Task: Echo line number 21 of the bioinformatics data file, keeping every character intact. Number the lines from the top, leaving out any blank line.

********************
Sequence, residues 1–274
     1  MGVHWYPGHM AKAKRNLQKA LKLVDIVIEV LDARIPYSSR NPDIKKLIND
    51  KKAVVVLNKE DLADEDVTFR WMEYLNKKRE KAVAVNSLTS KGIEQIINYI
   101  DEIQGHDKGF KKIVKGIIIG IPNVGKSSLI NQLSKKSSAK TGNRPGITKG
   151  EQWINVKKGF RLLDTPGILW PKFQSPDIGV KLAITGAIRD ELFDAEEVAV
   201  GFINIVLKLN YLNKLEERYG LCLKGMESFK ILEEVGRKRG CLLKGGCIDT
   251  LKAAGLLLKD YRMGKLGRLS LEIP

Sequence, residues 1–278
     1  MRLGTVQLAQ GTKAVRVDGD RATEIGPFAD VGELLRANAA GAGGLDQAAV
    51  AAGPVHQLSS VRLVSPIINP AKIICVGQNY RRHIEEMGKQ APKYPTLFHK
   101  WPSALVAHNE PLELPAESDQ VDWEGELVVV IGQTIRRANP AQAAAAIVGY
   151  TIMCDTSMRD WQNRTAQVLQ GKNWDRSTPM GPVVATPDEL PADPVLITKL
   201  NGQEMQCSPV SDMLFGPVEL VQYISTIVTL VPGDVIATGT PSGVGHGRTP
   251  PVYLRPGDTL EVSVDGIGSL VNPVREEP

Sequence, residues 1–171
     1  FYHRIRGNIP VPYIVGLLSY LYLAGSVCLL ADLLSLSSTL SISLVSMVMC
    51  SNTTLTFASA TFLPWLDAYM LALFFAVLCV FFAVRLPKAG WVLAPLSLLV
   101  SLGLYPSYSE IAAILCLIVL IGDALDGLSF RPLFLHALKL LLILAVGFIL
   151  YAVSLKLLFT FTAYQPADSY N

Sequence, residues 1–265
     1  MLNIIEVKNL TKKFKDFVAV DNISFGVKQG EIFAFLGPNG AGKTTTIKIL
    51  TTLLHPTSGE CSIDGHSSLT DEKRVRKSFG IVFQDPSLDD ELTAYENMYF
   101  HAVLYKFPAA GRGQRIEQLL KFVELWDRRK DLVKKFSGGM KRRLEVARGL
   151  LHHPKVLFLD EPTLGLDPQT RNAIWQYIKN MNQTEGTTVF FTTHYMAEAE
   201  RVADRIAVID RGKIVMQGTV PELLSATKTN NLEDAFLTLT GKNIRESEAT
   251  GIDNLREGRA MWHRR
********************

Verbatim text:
     1  MLNIIEVKNL TKKFKDFVAV DNISFGVKQG EIFAFLGPNG AGKTTTIKIL